Rebuilding Place in the Urban Space

"A community’s physical form, rather than its land uses, is its most intrinsic and enduring characteristic." [Katz, EPA] This blog focuses on place and placemaking and all that makes it work--historic preservation, urban design, transportation, asset-based community development, arts & cultural development, commercial district revitalization, tourism & destination development, and quality of life advocacy--along with doses of civic engagement and good governance watchdogging.

Thursday, September 22, 2016

Yet another example of failures in metropolitan transportation planning: no transportation demand management requirements for casinos in Maryland

Washington Post photo.

The MGM National Harbor Casino will be opening soon in Prince George's County.

According to the Washington Post ("MGM National Harbor could more than double traffic in southern Prince George's"):
Vehicle traffic to National Harbor could more than double when MGM National Harbor opens later this year, according to projections, exacerbating a growing congestion problem in southern Prince George’s County where new development has added thousands of commuters in recent years.

If projections hold true and up to 20,000 daily visitors frequent the gaming resort, there could be backups in the local and regional road network with heavier volumes on Interstate 95 around the Woodrow Wilson Bridge on the Maryland-Virginia border. ...

As many as 90,000 vehicles enter National Harbor during an average week, according to the developer, and that number could rise to 180,000 when the $1.4 billion gaming resort opens in December, Digby said. Traffic during the weeks following the opening is likely to be especially heavy, officials say. ...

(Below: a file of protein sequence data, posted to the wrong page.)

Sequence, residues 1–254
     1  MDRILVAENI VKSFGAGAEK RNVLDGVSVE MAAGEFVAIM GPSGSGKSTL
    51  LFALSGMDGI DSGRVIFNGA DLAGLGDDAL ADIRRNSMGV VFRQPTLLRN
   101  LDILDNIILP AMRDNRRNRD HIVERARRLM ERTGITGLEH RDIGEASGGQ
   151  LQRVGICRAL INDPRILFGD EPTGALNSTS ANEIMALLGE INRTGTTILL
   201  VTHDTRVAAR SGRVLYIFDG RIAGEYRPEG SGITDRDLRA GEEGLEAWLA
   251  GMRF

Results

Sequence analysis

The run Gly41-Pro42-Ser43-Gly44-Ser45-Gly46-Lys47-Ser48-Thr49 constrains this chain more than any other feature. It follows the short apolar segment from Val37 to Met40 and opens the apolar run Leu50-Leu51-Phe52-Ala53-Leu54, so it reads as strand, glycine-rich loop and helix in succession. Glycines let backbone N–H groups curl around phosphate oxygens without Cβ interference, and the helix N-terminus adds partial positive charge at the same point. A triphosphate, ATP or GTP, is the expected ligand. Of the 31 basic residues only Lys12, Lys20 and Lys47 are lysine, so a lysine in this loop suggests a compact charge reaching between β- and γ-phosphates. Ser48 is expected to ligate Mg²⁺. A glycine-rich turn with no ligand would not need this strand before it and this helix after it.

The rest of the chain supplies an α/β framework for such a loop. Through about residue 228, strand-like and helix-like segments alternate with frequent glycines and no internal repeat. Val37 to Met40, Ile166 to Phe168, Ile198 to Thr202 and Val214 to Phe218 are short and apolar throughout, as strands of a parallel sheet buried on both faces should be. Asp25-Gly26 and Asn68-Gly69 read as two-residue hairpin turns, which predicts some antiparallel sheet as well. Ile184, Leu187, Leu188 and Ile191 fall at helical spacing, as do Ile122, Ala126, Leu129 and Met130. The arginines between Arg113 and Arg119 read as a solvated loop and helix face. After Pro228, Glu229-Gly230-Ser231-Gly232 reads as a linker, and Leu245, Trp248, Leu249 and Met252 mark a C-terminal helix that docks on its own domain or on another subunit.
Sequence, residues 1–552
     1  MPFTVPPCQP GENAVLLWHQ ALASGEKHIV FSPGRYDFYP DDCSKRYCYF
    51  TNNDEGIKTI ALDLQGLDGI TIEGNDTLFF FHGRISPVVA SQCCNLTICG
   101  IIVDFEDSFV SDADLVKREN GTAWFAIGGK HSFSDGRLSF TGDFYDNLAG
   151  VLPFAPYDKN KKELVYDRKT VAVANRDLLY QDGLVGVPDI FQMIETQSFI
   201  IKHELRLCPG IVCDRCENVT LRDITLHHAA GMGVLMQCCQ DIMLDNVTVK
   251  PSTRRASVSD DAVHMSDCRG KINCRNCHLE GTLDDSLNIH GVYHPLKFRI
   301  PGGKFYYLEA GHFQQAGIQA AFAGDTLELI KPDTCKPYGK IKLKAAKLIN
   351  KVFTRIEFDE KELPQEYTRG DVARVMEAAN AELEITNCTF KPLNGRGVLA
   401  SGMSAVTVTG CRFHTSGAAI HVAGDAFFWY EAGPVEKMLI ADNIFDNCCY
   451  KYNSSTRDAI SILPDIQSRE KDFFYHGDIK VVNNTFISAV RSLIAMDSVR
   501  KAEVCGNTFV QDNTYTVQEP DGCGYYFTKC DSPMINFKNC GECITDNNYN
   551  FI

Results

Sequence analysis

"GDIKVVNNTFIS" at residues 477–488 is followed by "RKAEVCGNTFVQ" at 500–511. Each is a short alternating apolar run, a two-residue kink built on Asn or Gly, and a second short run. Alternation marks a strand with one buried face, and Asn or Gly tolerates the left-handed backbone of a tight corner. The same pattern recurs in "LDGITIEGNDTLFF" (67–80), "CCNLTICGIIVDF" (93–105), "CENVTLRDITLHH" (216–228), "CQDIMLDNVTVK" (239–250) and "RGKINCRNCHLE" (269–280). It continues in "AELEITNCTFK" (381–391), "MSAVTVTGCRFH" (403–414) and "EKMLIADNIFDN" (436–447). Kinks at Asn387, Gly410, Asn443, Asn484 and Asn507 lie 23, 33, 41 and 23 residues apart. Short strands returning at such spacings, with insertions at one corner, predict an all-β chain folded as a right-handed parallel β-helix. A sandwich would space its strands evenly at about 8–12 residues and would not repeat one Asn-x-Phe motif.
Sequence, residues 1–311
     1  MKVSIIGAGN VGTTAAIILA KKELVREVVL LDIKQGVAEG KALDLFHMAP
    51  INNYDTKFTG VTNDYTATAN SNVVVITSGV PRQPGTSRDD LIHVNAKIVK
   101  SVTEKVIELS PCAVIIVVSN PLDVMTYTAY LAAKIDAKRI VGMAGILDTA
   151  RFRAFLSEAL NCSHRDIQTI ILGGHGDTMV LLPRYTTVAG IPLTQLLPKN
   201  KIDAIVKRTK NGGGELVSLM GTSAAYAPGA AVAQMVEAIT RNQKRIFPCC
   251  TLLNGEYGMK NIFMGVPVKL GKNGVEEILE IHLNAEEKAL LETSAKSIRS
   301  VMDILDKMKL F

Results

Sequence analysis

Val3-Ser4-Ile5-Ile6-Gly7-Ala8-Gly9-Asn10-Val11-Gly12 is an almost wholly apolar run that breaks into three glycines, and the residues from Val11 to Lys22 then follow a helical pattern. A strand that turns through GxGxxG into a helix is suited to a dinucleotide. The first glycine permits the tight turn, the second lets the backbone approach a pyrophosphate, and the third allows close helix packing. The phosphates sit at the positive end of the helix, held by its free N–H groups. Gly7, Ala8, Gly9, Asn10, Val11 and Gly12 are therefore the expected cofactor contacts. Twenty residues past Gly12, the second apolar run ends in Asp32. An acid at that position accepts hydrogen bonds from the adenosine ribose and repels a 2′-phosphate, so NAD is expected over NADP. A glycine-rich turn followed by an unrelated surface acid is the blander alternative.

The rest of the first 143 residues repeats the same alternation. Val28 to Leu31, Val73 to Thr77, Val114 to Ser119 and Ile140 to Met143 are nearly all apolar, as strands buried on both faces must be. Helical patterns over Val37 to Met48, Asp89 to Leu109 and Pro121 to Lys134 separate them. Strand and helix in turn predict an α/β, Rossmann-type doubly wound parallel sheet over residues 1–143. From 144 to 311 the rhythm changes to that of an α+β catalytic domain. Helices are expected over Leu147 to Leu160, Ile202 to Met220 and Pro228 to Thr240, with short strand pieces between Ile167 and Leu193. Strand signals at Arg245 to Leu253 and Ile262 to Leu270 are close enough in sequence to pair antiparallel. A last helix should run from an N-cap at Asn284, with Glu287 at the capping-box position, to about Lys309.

Besides daily commuters, National Harbor, which has become a top entertainment hub, already attracts thousands of visitors every week, and special events there have created miles-long backups. Residents and community leaders fear that the additional casino traffic could overwhelm the road system.
The article also reports that some "bare minimum" road improvements to the tune of $10 million, will be delivered as the project opens.

The Massachusetts counter-example

Traffic study requirements in Springfield.  By comparison, the casino projects in Massachusetts had to submit transportation studies as part of their initial bid, and the winners at each site are required to develop and execute a wide ranging transportation demand management plan.

-- Traffic Impact and Access Study MGM Springfield, City of Springfield

Monies for transit improvements in addition to road improvements in Boston.  For the casino in Everett on Boston Harbor and across the water from Boston, the Wynn Resorts firm has to invest a minimum of $36 million in improvements to Sullivan Square and Rutherford Avenue, which will be the major entryway across the Mystic River to the casino ("The lowdown on Sullivan Square," Commonwealth Magazine).

This was required because it is expected that 60% of traffic to and from the casino will go through Sullivan Square. Interestingly, the plan also has a penalty per car when the plan's traffic levels are exceeded. From the article:
The Massachusetts Gaming Commission is requiring the Las Vegas developer to spend $10.9 million on projects addressing the immediate traffic impact of the casino and to set aside $25 million for long-term improvements. The company also has to pay a fee of $20,000 for every car coming to the casino via Sullivan Square that exceeds agreed-upon levels, with a maximum penalty of $2 million a year.
Boston Globe coverage discusses the commitments to transit improvements.  According to "State transportation officials drop objections to Wynn casino", the casino developers have:
agreed to contribute nearly $7.5 million over 15 years to Orange Line subsidies, to increase the frequency of the trains.
As well as ("Wynn Resorts offer to bolster Orange Line"):